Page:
analogies blog post image

When you want to describe something, choosing from a long list of adjectives may not always feel like enough. Sometimes, making a comparison to another object creates a more effective and vivid description. 

For example, you could say that finding your ring amid the living room clutter “will be difficult.” Or, you could make that difficulty easier to comprehend by using the analogy, “finding the ring will be like finding a needle in a haystack.”

This use of analogies is common in the English language, both in writing and in everyday communication. Knowing how to use them effectively will help your audience better connect to your writing.

What Is an Analogy?

An analogy is a comparison between two things that share a similarity, with the ultimate goal of explaining or clarifying their connection.

Other figures of speech that make comparisons are similes and metaphors, but these normally show similarities between two objects, whereas the goal of an analogy is to explain the connection.

The Importance of Analogy 

Since analogies draw logical connections to make comparisons, they perform the following functions: 

Analogies make the abstract more concrete.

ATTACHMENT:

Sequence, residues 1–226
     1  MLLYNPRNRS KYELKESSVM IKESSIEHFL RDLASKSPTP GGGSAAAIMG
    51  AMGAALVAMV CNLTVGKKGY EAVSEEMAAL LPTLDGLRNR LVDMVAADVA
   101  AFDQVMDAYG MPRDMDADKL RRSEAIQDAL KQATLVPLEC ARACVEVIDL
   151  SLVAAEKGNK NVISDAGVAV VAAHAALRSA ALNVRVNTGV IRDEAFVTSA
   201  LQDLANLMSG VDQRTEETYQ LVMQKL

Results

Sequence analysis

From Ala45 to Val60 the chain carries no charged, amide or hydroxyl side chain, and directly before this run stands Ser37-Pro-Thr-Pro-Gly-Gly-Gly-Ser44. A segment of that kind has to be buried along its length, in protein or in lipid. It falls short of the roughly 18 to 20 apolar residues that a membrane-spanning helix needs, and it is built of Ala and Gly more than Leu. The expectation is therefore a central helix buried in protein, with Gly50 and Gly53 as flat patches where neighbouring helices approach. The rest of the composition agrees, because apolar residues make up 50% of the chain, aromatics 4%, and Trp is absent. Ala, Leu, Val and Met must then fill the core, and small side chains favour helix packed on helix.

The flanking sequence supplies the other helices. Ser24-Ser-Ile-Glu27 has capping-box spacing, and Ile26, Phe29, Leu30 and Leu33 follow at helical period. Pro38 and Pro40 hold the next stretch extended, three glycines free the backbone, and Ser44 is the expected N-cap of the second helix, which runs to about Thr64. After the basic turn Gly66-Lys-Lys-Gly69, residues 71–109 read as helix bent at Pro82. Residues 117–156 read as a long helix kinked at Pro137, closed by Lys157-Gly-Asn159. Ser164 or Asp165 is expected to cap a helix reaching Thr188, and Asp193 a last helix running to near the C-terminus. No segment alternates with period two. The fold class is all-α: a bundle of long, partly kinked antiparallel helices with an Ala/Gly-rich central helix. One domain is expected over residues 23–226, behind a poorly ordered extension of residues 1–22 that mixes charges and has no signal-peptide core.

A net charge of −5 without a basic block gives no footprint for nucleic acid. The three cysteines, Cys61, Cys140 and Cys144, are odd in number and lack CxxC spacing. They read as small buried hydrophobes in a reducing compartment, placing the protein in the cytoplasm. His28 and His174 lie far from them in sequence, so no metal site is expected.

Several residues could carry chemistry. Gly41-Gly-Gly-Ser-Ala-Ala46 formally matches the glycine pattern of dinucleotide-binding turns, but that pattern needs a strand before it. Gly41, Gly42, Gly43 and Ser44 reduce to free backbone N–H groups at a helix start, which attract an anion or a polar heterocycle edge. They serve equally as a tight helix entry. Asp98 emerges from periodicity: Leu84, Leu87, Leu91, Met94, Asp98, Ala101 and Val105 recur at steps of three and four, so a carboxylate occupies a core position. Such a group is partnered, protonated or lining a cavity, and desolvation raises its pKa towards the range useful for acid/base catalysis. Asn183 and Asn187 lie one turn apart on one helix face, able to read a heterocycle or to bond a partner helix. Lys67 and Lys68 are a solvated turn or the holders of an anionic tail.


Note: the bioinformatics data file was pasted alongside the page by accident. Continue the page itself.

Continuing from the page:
Abstract ideas are often difficult to comprehend because they are not visible or tangible. But when you connect an abstract idea with concrete objects, it becomes easier to understand. 

For example, in biology, it may be difficult to imagine what white blood cells do inside the body. A good teacher may describe their work as being similar to that of policemen defending a town against intruders. 

Analogies build deeper connections.

Using analogies to describe an experience can touch on deeper emotions than simply stating facts. For example, in Psalms, David draws analogies on how he’s feeling, such as: 

Save me, O God!
For the waters have come up to my neck
I sink in deep mire,
where there is no foothold;
I have come into deep waters,
and the flood sweeps over me.

Psalm 69 from The Bible

In reality, David was not literally getting drowned in water, but the turmoil of his emotions felt like it. Compare the depth of the text above with the simplified sentence below: 

Save me, O God! I’m in the deepest trouble. 

Examples of Analogies

Take a look at these examples of analogies and their meanings.

Life is like a box of chocolates; you never know what you’re going to get.